UI mock-up - Account Setup

Mark Rousell mark.rousell at signal100.com
Thu May 2 04:58:49 UTC 2019


On 02/05/2019 03:58, Matt Harris wrote:
> As for indexed email archive,  I think if we to be looking at such an
> animal as a use case then a different "group" of data stores would
> necessarily be required.

First of all it is a use case right now, here in the real world. Why?
Because Thunderbird's thick client nature naturally lends itself to this
functionality and always has done. It's here and now and real.

As such, there is no fundamental need for a different group of data
stores. Such additional functionality could certainly be very useful but
it's hardly required.

The issue at present in this context is that Thunderbird forces users to
set up a mail account on a new profile and it is not necessarily needed.
Of course, setting up a mail account is functionality that most users
want but the ability to step out of the process for those who don't need
a mail account would certainly be an improvement to functionality.

> However use as such is not really what the program is developed for
> and should not constrain the main app to that sort of archival storage
> only.

(a) Thunderbird is a thick client mail program. As such, if it's not
designed for archiving mail then it's not very useful. But of course it
is, in practice, designed to archive mail. Storing mail locally is
exactly that. Thunderbird, as it stands, has inherent local
storage/archiving ability and functionality.

(b) I agree that archiving, one of Thunderbird current real world use
cases, should not constrain other aspects of the program but then, of
course, I have suggested no such thing. I have simply suggested making
Thunderbird's initial configuration a little LESS constrained so as to
facilitate non-account archiving.

You are against constraints. So am I. I am suggesting removing an
unnecessary and counter-productive constraint for those who don't need
it. It need not and should not impact the majority of users who do need
to set up a working email account.

> I personally support an "archive" mail account type that can have
> "any" permanently connected location defined for it.  So the mail
> archive can be stored on a NAS etc.  Perhaps even with restricted
> update options and restrict users from modifying the archive.  You
> add,  not remove from an archive for example.  Having an "archive
> account type would allow for accounts to be "decommissioned" without
> fuss.  they are just disabled from all normal get and sync because
> they are archives.  Changing the account type might also "move" the
> store location to the registered archive location (not in the profile)

These could be very good ideas but of course they don't make
Thunderbird's existing local storage (and thus archiving) functionality
any less real or valid right now.

> If your into chat, pidgin makes more sense as a stand alone client
> than thunderbird.  So I would say it is not even an edge case as a
> stand alone usage.

It seems to me that you are in effect saying here that because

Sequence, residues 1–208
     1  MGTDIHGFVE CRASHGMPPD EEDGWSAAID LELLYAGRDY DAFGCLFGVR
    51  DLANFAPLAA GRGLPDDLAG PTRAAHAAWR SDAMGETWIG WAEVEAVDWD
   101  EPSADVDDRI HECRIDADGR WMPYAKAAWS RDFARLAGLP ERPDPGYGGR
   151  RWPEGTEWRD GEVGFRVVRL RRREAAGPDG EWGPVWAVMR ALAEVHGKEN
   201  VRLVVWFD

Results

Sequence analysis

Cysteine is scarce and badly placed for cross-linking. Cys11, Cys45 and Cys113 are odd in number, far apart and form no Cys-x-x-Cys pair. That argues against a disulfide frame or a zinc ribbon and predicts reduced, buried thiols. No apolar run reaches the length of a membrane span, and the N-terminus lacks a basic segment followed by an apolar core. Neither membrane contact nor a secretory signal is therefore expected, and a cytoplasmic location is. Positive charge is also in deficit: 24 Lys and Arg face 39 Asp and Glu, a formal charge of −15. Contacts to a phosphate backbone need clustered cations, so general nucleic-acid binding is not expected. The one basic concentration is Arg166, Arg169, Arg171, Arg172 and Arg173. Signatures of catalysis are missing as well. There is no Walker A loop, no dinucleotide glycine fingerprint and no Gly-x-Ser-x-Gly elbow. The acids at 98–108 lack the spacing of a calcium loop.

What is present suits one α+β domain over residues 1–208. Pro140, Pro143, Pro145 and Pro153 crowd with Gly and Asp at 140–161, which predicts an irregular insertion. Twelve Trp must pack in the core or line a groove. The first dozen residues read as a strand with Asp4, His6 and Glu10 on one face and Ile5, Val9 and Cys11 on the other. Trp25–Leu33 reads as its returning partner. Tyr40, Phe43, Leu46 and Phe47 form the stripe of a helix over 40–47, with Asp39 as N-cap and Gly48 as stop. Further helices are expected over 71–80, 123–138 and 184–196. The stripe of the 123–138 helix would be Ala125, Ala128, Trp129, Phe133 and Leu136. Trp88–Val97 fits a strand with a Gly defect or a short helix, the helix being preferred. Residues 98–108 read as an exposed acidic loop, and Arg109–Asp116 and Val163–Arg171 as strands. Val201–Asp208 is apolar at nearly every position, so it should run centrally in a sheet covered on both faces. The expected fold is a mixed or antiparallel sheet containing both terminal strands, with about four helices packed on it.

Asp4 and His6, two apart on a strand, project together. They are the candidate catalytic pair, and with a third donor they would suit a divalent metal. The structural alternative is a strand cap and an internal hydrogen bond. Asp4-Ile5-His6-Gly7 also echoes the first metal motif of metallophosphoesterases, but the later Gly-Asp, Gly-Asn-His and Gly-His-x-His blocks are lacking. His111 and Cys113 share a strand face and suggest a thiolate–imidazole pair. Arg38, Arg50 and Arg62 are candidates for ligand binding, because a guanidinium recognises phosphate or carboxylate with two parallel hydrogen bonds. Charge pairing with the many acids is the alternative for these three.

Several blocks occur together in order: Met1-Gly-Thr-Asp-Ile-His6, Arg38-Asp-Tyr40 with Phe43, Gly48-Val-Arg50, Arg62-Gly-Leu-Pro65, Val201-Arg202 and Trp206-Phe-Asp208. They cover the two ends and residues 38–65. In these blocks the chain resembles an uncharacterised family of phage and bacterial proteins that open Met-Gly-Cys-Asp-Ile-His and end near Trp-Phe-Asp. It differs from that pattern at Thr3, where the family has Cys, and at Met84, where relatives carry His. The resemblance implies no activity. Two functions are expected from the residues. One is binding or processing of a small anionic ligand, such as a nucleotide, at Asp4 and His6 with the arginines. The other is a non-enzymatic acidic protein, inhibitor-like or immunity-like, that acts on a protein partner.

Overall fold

Thunderbird is not currently good enough to be a stand alone instant
messaging client that setting up an email account on a new profile
should be enforced.

I have to say that that does not make sense to me. Even though
Thunderbird's IM capability is not up to the standard of dedicated IM
clients, that's still not a rational reason to force users to set up an
email account if they are not going to need one. You are against
constraints so let's not constrain users unnecessarily.

Remember, that use cases that you do not personally use or see the need
for can be and often are still valid use cases.

> They read a blog post about using Thunderbird as an archive for their
> gmail.  Then they spend days in a forum somewhere trying to force feed
> a gmail mbox zip of 15Gb into Thunderbird.  Or download it via IMAP
> and "move" it to a local folder.  Or try and use it as a stand alone
> calendar and try to puzzle out why they can not send invites.

It sounds to me like you have identified clear pain points for real
world users who have real world use cases that should be fixed. You
dismiss them for no clear reason, perhaps because they just don't matter
to *you*.

Using Thunderbird as a local archive for one's Gmail account is most
certainly what I recognise as a wholly valid use case for Thunderbird.
It is surely one of its key selling points. Users certainly *should* be
able to local 15GB of mail into Thunderbird folders, as well as copy
mail easily and in an error-free manner between IMAP and local folders
and vice versa. Even if those things don't matter to you, they are
absolutely central use cases for a thick client email program like
Thunderbird and should not be dismissed.

> The very first prerequisite for even thinking we should support
> calendar only

Note that I did not advocate supporting "calendar only", or any other
feature "only". To recap: I am advocating nothing more scary than
allowing users who do not need an email account in their Thunderbird
profile to not have one configured. It's really that simple.

As I noted above, you are against adding constraints. Good. So am I.
That's why I am advocating here *removing* an unnecessary constraint for
many people who have entirely legitimate and real use cases for
Thunderbird that do not always involve an email account.


-- 
Mark Rousell
 
 
 

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